The Blues: Ow, My Head...

David CampbellContributor IApril 21, 2008

    Time for a little history lesson. Now, as any smart NHL fan knows, the St. Louis Blues came into this league as an expansion team in 1967. The first three years of the franchise's existence, they had made it to the Stanley Cup Playoffs 3 times...and lost every time. This has been an unfortunate loop for my dear Blue-notes.
    Under Coach Mike Keenan (Now of the Calgary Flames), the Blues had a steady roster of players that would have blossomed beautifully and most likely led to at least a playoff berth. Unfortunately, Mike Keenan and the Front Office, at the time, were a bunch of idiots. When I say idiots, I mean they traded away players who were formerly, or are now stars in the league. When I say idiots, I mean they couldn't have made worse decisions. Ladies and Gentleman, the organization of the time (and a bit later on, for that matter) and Mike Keenan, traded away Jochen Hecht (WHAT!?), Brett Hull (WHAT!?), Pierre Turgeon (WHAT!?), Pavol Demitra (WHAT!?), Brendan Shanahan (WHAT!?), and Chris Pronger (WHAT!?).

    Take a moment to breathe, this list might make you a little dizzy.
    You ok now? Good.

    Now, let me clarify, not ALL of the players listed above were traded by Mike Keenan and that Front Office. The Front Office made bad decisions later to trade Demitra and a few others. Still, Brett Hull and Brendan Shanahan? Come on. A sea lion could have made a better choice.
    Then, came a hero to the Blues organization, Joel Quinvelle! (Now of the Colorado Avalanche). He brought the Blues to a 20+ year playoff run. Then he left, and that brings us to today.

    Last season, Mike Kitchen took over as the head coach of the St. Louis Blues. Then everything went to hell. The Blues were outplayed every single time they got on the ice. Soon after, he was fired and Andy Murray (Now of the St. Louis Blues, formerly of the Los Angeles Kings). Almost magically, the Blues improved drastically and finished that half of the season several games above five hundred. 

    Finally, (Sorry for the wait, I had to bring you up to speed) we bring you to the 2007 - 2008 Season. With the signing of free agent and explosive skater, Paul Kariya (#9), excitement was back in St. Louis and in the St. Louis Blues. Attendence increased enormously, finishing the season with 20 sellouts (!!!). The first half of the season started out with a fantastic boom, the Blues were playing great defense, their penalty kill was incredible, offense was being generated from the point, from the slot, and from the boards, the fore-check was intense, and the goal-tending of Manny Legace (#34) and Hannu Toivunen (#35) was superb. Then Christmas came, and you know the story, they sucked so bad it was hard to watch without protective eye-wear. However, there were a few bright spots, such as Brad Boyes (#22) scoring 43 goals in the season. Then they're was Keith Tkachuk's (#7) 500th goal, becoming the 41st player to reach the plateau.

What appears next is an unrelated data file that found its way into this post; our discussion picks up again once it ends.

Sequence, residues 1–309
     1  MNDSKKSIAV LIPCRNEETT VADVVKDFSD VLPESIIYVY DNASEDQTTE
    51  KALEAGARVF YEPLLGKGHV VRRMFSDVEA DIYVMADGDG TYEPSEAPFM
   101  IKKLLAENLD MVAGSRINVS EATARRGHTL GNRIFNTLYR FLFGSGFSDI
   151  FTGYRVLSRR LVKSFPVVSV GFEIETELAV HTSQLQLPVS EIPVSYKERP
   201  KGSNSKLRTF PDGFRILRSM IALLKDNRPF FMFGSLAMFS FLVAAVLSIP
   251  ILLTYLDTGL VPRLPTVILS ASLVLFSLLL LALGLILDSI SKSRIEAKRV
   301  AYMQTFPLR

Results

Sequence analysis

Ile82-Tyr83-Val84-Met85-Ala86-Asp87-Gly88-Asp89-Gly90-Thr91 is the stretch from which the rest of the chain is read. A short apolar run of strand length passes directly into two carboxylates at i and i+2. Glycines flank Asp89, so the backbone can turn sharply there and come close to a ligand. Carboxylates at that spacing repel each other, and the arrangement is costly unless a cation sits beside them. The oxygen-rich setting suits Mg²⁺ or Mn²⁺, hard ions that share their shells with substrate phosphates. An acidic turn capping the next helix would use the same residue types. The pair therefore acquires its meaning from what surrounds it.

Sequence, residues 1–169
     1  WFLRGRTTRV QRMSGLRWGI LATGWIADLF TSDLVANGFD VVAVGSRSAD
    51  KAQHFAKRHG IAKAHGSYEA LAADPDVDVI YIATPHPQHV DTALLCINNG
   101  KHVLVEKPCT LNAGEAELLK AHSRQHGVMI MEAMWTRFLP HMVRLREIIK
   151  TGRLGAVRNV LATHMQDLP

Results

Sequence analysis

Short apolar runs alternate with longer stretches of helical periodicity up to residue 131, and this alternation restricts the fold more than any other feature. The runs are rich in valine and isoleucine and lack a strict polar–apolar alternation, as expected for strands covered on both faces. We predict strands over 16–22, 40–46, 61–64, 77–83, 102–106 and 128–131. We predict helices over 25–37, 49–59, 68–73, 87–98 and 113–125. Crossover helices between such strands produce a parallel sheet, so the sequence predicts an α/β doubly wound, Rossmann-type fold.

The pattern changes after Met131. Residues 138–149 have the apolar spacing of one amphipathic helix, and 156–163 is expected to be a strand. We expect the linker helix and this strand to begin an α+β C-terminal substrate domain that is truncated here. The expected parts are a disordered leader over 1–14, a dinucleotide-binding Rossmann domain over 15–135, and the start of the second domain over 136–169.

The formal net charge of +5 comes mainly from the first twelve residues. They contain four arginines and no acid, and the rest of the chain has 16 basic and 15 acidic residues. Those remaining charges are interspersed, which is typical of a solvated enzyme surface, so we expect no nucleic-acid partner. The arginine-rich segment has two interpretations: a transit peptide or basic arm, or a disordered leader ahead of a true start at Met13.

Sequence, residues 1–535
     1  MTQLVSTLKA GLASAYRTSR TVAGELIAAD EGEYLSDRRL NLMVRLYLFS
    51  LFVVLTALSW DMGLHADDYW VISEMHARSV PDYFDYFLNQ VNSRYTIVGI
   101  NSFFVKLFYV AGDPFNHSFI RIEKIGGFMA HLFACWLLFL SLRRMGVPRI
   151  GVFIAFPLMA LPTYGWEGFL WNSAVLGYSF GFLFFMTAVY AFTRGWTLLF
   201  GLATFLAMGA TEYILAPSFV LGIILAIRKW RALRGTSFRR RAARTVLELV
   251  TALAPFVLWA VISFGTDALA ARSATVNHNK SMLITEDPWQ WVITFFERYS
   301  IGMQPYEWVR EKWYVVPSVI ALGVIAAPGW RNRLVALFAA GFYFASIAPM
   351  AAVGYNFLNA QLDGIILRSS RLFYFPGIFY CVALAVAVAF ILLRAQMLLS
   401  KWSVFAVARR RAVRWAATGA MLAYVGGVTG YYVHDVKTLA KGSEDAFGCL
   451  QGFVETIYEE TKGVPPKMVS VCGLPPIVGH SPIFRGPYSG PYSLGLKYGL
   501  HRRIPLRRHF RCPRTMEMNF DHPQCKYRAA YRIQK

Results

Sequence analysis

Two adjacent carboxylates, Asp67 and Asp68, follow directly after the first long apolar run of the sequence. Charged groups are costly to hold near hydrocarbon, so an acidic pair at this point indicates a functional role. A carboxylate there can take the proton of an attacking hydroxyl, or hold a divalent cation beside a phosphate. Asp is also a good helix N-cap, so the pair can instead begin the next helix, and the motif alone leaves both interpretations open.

So what can we look back at and blame for the one total reason for this enormous fall out in the second half of the season?

    1 word, My little duckies. Scoring.

    The Blues, as I have observed, have seemed to blame their lack of scoring on a number of different things, the main being lack of offense from the defenseman and a lack of shots on the powerplay. While both are valid reasons, they aren't the biggest. No one seems to mention it, but I see it. The Blues simply did not play hard and drive to the slot. While, yes, we had people in the slot, we never played it off of that person. Whenever it went in, it was usually on the rush or a deflected shot, or a rebound. Never was it a pass to the slot, LIKE IT SHOULD BE. Again and again, I watched as my favorite team was trounced by teams they clearly should have been able to beat, but they never used the slot.

      On another note, if you aren't from St. Louis you might not get this, so I will try to explain it as best I can. Eric Brewer (#4) had a horrible season from a defensive standpoint. Not in terms of points, specifically, but in terms of his play on the ice. We were sickened, we were upset, we were angry about it, it made us gnash our teeth and choke our pillows. Then, to put the perverbial 'icing on the cake', they made him the captain. If you listen carefully, you'll hear my screams of utter rage. I know he's a veteran, but it was honestly the worst choice the Blues have made in a long time. The captain should have been Brad Boyes (#22), or Paul Kariya (#9), or Andy McDonald (#10), or even Jamal Mayers (#21) - the longest running Blue. But no, they made this fumbling, bumbling, filthy excuse of a defenseman the captain.

    Finally, to close out this article, I'd like to talk a little about the future of the St. Louis Blues. There are a few players coming up that will play great hockey for the Blues. My fellow human beings, I am talking about David Perron (#57), Steve Wagner (#49), Erik Johnson (#6), Patrick Berglund, Ben Bishop (6'7 210 Goaltender), T.J. Oshie, Eric Cole, and Lars Eller. These bright, young players are sure to be a corner-stone of the Blues organization next year, and in years to come. For instance, Erik Johnson (#6) looks like he has been playing in the NHL for a few years now and plays with poise. Plus that great shot from the blue-line and his ability to quarterback the power play. David Perron (#57) had his ups and downs this past season, but is by far one of the greatest puck handlers I've ever seen. He deeks people with incredible stick speed and great control. These are only a few of the prospects we hope to see here in St. Louis - and here's to the Blues finally winning a Stanley Cup. (In my lifetime.....hopefully.)

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     Thank You, David Campbell.